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LECTURE VI.

THE INFINITE IN NATURE, IN MAN, AND IN THE SELF.

Positivist Objections. W HEN it has been my chief endeavour to show

that religion did not begin with abstract concepts and a belief in purely extra-mundane beings, but that its deepest roots can be traced back to the universal stratum of sensuous perception, it is somewhat hard to be told that 'I must necessarily admit an extra-mundane Logos in man, and derive mythology and religion from extra-mundane causes' (Gruppe, p. 218). Still more extraordinary does it seem that the ground on which this charge is founded should be my holding in some modified form the opinion of Schleiermacher, Wuttke, Hellwald, and others, that

the infinite can be known in the finite only, and that it should be known here always and everywhere.'

Again, I am told (p. 222) that if I trace the concept of the infinite back to the most primitive percepts of not quite finite things, I must mean by the infinite 'a potentia of the infinite, the infinitely infinite, the infinite per se, the absolute.' If these words have any meaning at all, they would show a complete misapprehension of my position. I spoke of the sensuous pressure of the infinite which is contained in the simplest perceptions of our senses, while I represented the pure concept of the infinite, to say nothing of the absolute, as the very last result of a long historical process of intellectual evolution. To fix the exact time when the indications of the infinite, which are latent in all sensuous perceptions, became recognised either in mythology or religion, and lastly in philosophy, is completely beyond our power. It is enough if we can show that the rudiments of later mythological, religious and philosophical expressions were present in what I call the early pressure of the infinite upon our senses. I do not object if, from another point of view, this may be called an intellectual pressure 1 also; but what is really important is to understand that mankind did not begin with the abstract concepts of infinity, still less of the absolute, whatever that may mean, but with the simplest perceptions which, in addition to their finite contents, implied likewise something beyond the finite.

The question, again, whether this evolution of thought, beginning with the simplest perceptions, and ending with the highest abstractions, was teleological or not—whether it was purposed, whether it was meant to lead us on to a higher conception of the world—does not concern us at present. It is enough for us that it was real, that it is strictly historical, and that it is at the same time intelligible. Whether it was meant or intended, by whom it was intended, and for what it was intended, these are questions which need not disturb our equanimity. So far as I can see, the evidence for and against a teleological interpretation is equally feeble, but, at all events it need not disquiet those who are only concerned with the establishment of facts, and with a suggestion of their possible origin.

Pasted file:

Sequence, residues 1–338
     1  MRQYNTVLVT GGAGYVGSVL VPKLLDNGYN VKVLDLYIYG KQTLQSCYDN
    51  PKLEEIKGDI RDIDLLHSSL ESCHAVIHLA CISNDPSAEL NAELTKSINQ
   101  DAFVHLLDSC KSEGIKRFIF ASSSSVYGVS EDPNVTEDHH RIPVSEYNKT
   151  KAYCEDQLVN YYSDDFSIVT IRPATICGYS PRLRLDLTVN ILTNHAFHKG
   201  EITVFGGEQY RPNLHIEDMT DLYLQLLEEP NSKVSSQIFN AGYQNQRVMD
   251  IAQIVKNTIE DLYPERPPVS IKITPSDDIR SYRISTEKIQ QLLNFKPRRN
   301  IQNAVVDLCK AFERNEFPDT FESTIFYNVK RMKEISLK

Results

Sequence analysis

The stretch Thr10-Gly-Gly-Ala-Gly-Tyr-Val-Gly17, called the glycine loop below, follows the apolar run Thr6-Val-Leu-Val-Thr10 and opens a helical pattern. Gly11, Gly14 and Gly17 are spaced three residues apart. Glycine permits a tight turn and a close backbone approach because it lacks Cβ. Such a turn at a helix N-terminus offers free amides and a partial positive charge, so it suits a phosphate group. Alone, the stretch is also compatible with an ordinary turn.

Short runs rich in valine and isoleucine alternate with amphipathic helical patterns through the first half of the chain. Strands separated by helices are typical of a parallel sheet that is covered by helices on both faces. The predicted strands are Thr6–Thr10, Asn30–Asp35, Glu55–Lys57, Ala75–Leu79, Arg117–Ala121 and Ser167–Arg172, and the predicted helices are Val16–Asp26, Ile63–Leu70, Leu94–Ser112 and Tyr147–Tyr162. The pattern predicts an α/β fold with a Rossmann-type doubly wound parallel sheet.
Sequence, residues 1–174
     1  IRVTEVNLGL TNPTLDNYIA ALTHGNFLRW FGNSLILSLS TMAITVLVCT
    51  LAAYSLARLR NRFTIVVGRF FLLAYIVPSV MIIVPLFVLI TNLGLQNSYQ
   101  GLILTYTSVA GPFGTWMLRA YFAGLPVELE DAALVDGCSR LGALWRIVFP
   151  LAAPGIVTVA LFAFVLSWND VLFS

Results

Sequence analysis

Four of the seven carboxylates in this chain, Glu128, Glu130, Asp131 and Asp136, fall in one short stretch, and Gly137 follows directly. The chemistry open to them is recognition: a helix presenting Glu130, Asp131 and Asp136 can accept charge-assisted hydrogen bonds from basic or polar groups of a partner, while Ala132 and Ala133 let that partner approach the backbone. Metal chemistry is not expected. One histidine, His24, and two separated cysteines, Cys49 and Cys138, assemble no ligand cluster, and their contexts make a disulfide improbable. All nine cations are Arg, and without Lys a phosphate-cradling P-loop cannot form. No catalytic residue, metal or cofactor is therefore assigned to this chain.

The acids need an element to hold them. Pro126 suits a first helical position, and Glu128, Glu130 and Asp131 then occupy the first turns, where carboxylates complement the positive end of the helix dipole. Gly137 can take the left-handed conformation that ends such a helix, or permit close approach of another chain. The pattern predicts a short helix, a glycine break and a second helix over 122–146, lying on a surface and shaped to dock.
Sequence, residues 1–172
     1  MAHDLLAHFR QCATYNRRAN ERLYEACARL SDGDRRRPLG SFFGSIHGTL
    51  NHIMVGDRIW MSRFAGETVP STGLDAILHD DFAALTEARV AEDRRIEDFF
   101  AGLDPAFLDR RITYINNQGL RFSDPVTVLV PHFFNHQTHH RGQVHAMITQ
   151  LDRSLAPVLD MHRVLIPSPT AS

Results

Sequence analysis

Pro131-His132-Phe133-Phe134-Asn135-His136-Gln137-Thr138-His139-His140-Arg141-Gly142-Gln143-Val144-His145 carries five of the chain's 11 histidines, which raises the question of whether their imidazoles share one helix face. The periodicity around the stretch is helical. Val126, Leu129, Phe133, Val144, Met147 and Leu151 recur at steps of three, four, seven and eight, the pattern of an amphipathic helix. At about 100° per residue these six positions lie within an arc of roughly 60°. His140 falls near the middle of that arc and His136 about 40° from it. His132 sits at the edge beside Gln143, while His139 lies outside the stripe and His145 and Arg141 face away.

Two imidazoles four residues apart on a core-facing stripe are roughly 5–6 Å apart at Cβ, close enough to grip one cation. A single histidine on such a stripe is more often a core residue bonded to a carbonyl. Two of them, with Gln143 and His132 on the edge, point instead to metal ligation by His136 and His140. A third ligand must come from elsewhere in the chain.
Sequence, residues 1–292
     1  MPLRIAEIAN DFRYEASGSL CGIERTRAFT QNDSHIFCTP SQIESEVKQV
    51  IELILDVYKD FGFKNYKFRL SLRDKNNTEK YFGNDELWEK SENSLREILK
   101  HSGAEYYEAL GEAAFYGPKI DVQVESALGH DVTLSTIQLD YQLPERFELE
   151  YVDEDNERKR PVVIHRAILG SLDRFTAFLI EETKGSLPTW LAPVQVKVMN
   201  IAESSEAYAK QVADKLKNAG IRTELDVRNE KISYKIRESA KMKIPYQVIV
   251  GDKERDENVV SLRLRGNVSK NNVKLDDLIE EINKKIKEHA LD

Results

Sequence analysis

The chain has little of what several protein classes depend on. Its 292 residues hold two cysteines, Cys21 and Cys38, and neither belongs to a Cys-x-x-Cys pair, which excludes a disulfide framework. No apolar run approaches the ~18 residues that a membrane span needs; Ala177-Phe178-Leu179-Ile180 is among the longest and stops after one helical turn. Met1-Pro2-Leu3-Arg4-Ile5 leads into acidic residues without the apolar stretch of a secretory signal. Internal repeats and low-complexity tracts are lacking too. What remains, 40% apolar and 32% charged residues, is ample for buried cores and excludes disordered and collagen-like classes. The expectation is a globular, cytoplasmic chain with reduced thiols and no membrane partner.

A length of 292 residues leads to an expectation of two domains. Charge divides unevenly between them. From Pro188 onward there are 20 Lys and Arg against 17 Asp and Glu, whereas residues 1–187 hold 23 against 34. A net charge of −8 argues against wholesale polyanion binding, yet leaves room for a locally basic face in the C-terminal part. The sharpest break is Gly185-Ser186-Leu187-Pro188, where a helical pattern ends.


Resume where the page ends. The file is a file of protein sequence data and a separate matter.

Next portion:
1 "Aber dieser Druck ist ein intellectueller.' Gruppe, p. 225.

Historical Evolution. My principal object has always been to discover an historical evolution or a continuous growth in religion as well as in language. It seems strange, therefore, that while in England some Darwinians, though not Darwin himself, have attacked me for not being a thorough-going evolutionist, Professor Gruppe should try so very hard to prove that I am an evolutionist, and that therefore I am behind the time, as time is understood in certain quarters. Evolution, we are told (pp. 233, 235), is but the disguised sister of Hegelian speculation. We ought to be transformationists, and no longer evolutionists. I do not know what transformations may still await us, but for the present I certainly am and mean to remain an evolutionist in the study of language, mythology, and religion—that is to say, I shall always try to discover in them an intelligible historical growth. That I have not ascribed any evolutionary power to ideas or concepts by themselves, apart from the persons by whom they are held, and uninfluenced by the objective world by which they are determined, I need hardly attempt to prove, considering that I have always adopted as the foundation of all philosophy Kant's well-known principle, that concepts without intuitions are empty, intuitions without concepts are blind. There are misapprehensions against which it is difficult to defend oneself, because it seems incredible that they should ever have been raised.